On Monday, on the way to Tony Perkins' launch of AlwaysOn OnMedia here in New York, I had the opportunity to stop with a 'hot' new media company which offers a new face on news, having launched itself earlier this month, and on my 'alma mater', a 150+ year old, venerable international media company, which had once (and not so long ago) been hailed by Tom Peters as an engine of innovation.
The contrast was stark - in NoHo, while sitting in the sunny, cheerful offices of the startup, a patient gentleman standing behind me as I hopped onto my email at an open desk tapping into the highspeed ethernet connection I was invited to use. The polite fellow turned out to be the CEO of another company in which I had a small role. The host CEO asked for an introduction, and a prospective, mutually beneficial business deal was begun.
At the venerable old firm, in its offices rising high above Times Square, similarly brilliant people toiled in better surroundings and greater numbers than ever before. The latter scene appeared, however, an exercise in futility according to many, speaking in hushed tones about their aspirations amid a culture which had become increasingly bureaucratic - scores of desks specialized in massaging texts eminating from the treasury or shifts in the market ticker.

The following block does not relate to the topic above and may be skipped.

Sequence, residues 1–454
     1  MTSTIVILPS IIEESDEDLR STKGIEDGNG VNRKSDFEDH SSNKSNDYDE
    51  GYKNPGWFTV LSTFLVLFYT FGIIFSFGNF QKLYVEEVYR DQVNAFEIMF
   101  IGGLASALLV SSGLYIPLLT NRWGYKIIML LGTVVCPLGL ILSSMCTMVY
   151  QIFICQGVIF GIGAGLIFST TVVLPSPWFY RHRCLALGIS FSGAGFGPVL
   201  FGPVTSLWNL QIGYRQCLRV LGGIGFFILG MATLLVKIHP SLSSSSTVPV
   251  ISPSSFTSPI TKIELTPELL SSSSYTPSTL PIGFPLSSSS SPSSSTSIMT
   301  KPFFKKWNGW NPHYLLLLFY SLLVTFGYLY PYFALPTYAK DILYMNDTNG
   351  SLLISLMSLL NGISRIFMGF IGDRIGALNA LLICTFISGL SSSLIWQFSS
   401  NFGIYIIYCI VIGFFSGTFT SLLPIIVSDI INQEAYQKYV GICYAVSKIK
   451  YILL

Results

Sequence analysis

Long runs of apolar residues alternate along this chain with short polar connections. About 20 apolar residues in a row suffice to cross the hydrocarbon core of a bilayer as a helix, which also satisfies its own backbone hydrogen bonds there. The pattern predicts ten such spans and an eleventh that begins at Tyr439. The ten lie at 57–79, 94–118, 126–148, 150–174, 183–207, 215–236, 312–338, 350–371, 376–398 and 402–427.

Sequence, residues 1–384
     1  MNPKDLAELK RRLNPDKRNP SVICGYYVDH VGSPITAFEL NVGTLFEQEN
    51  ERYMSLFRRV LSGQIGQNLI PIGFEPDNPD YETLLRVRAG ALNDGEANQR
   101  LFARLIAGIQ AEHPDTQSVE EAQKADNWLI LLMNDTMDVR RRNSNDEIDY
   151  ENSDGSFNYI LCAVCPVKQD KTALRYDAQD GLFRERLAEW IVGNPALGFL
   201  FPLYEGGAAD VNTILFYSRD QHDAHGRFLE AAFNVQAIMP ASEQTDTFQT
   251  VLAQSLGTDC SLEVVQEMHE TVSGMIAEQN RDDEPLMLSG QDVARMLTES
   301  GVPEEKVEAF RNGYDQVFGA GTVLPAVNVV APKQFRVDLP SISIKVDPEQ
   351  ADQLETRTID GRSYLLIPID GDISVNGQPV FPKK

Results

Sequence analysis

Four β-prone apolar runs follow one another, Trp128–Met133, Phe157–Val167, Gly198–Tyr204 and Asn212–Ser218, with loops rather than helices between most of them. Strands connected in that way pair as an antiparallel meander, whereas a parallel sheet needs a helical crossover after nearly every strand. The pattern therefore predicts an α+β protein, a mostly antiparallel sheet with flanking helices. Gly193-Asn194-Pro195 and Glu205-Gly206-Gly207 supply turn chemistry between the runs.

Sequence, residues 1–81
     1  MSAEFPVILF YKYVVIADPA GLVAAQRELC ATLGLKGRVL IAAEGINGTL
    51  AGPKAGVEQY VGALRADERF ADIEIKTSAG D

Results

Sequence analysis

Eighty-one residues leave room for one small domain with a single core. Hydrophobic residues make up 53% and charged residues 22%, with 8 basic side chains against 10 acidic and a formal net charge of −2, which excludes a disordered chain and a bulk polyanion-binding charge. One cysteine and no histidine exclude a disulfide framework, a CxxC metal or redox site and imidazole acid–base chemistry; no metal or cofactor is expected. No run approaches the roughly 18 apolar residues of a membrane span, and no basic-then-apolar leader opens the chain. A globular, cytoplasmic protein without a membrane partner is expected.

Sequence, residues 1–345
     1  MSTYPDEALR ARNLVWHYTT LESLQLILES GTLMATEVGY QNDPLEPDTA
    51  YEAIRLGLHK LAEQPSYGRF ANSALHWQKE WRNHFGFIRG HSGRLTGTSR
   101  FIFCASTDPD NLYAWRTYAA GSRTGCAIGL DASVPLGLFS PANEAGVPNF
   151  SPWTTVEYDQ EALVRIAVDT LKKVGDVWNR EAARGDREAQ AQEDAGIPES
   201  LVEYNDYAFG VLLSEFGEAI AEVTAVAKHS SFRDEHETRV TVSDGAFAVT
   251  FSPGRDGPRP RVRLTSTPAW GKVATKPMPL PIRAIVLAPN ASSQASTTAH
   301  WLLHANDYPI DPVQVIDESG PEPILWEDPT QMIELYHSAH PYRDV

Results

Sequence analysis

The venerable version has its pockets of sharp, technically astute innovators. Yet they were separated by invisible barriers between office cubicles from those doing the work in this giant information network that was not so different from the 'megamachine' of human clerical organization that once built the pyramids of Egypt. And yet they also invoke Henry David Thoreau's axe on lives of quiet desperation.
Ironically, the two companies and cultures need each other.
Neither survives alone - and that is also the sweet spot of OnMedia.